Why did I get an attack of acute pancreatitis, in spite of low alcohol consumption?
Q: I am 32 years old. I had acute pancreatitis six years back. I had lost a lot of weight. After that I had one more attack of it four years back. From then on, I did not get any such problems. I was made to understand that my first attack happened due to excessive consumption of alcohol but I was not consuming alcohol very frequently (once in 2 months or so). Then why did this attack happen? Now after first acute attack I quit drinking but still I had chronic attack after two years of the first one. I do smoke 4-5 cigarettes/day but no alcohol. I do not have butter, oil, spicy and deep fried food, etc. If I do take it though very occasionally, I take in very limited amounts. Now please let me know, if I am expected to get attacks anymore? If so then how I can avoid it? As additional information, I developed diabetes last year but is under control.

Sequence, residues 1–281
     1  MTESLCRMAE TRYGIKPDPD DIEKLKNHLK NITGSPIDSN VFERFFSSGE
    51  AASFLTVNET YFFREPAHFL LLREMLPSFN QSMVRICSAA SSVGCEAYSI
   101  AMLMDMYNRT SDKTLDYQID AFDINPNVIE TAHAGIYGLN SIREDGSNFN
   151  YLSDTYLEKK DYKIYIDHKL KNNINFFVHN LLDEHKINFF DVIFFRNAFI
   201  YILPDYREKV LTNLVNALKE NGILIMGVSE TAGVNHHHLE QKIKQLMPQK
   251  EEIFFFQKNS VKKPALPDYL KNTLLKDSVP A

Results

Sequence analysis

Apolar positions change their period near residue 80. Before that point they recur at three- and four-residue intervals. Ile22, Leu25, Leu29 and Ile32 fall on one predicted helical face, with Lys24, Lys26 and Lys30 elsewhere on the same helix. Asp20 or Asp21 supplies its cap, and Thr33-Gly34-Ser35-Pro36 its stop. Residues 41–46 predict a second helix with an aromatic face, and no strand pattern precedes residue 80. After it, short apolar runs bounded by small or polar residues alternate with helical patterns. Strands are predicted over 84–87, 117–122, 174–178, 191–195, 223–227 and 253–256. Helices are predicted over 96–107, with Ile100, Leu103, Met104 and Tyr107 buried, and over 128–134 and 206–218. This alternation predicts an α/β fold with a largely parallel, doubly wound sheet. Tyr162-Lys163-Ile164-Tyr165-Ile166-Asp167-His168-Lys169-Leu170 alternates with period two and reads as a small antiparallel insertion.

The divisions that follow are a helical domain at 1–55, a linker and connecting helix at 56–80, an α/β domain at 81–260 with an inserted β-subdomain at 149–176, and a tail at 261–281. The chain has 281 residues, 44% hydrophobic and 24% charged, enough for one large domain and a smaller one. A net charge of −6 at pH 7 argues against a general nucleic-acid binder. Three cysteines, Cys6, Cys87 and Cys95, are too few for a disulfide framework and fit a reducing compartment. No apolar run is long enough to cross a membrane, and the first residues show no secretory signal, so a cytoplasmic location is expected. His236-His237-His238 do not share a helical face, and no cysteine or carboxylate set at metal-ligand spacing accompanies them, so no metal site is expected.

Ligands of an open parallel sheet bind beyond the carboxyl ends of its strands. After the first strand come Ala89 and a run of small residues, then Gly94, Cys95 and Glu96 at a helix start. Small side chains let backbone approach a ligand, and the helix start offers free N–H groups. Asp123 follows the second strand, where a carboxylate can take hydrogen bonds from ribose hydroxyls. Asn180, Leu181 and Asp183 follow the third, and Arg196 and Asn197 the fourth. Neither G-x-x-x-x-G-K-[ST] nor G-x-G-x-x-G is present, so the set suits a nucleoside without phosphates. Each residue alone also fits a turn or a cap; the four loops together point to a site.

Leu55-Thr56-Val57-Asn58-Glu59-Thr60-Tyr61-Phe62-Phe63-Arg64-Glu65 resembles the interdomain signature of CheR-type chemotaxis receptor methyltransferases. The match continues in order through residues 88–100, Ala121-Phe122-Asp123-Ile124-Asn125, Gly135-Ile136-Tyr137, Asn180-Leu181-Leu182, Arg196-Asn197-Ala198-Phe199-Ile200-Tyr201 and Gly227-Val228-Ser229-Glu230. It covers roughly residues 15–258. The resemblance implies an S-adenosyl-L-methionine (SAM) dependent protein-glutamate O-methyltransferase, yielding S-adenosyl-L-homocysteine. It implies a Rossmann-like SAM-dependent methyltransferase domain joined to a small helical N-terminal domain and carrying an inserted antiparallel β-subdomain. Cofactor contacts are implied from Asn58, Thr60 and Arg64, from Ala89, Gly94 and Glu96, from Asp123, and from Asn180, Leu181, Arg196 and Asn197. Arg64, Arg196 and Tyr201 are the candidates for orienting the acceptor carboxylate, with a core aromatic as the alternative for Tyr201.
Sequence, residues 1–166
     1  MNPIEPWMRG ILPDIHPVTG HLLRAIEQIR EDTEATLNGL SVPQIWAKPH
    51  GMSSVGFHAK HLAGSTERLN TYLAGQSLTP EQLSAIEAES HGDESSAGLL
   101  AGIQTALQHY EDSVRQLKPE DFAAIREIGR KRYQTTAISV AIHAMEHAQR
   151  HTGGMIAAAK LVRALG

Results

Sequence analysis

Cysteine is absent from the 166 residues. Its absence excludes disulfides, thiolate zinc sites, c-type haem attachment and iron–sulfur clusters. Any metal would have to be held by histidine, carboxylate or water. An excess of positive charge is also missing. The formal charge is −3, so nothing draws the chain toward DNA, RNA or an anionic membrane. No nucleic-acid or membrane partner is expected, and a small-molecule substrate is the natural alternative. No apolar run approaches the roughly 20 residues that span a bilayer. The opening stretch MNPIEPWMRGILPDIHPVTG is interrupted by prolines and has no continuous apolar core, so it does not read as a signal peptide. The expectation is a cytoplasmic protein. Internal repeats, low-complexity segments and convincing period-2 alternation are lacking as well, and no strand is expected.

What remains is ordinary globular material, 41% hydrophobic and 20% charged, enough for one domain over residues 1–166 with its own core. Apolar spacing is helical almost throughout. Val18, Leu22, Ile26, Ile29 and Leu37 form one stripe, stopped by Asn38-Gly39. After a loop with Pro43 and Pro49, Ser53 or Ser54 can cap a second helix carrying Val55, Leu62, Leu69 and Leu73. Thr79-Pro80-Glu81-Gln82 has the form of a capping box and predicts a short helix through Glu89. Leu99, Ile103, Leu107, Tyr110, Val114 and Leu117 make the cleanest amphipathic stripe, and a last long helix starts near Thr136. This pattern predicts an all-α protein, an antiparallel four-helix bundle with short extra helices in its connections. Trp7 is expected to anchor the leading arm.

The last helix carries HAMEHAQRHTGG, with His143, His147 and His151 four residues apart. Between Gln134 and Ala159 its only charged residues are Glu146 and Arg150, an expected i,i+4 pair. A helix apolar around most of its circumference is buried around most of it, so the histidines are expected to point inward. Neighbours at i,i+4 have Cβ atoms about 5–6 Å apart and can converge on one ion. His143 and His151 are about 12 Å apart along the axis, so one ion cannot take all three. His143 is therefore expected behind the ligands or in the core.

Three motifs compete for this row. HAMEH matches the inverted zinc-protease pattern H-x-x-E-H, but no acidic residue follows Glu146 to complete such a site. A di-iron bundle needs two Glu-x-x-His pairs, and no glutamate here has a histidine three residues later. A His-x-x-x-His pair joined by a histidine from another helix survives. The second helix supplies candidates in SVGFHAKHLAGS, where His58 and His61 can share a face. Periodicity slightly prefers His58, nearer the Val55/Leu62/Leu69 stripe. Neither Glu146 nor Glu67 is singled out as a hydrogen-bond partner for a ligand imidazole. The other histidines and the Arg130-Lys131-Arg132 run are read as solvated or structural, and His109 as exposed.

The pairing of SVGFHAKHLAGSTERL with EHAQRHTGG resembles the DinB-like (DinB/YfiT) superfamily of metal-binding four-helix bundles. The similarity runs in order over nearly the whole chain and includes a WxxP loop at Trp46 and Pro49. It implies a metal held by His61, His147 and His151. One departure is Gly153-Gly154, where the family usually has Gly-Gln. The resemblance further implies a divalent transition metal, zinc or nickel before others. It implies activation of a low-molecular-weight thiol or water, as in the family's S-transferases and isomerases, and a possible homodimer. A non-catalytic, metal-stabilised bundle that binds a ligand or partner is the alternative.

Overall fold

A:Although alcohol is the most common cause of chronic pancreatitis, a large number of people get pancreatitis without any reason, termed idiopathic pancreatitis. It is not possible to predict whether or not you will experience another attack of pancreatitis and there is no treatment to prevent such attacks. Lead a normal life and eat normal food. No special precaution, except abstinence from alcohol, is required. If you do get another attack, you should be seen by a gastroenterologist, who will rule out any local problem in the pancreas (stones, narrowing of the duct, tumour), which may be responsible for this problem.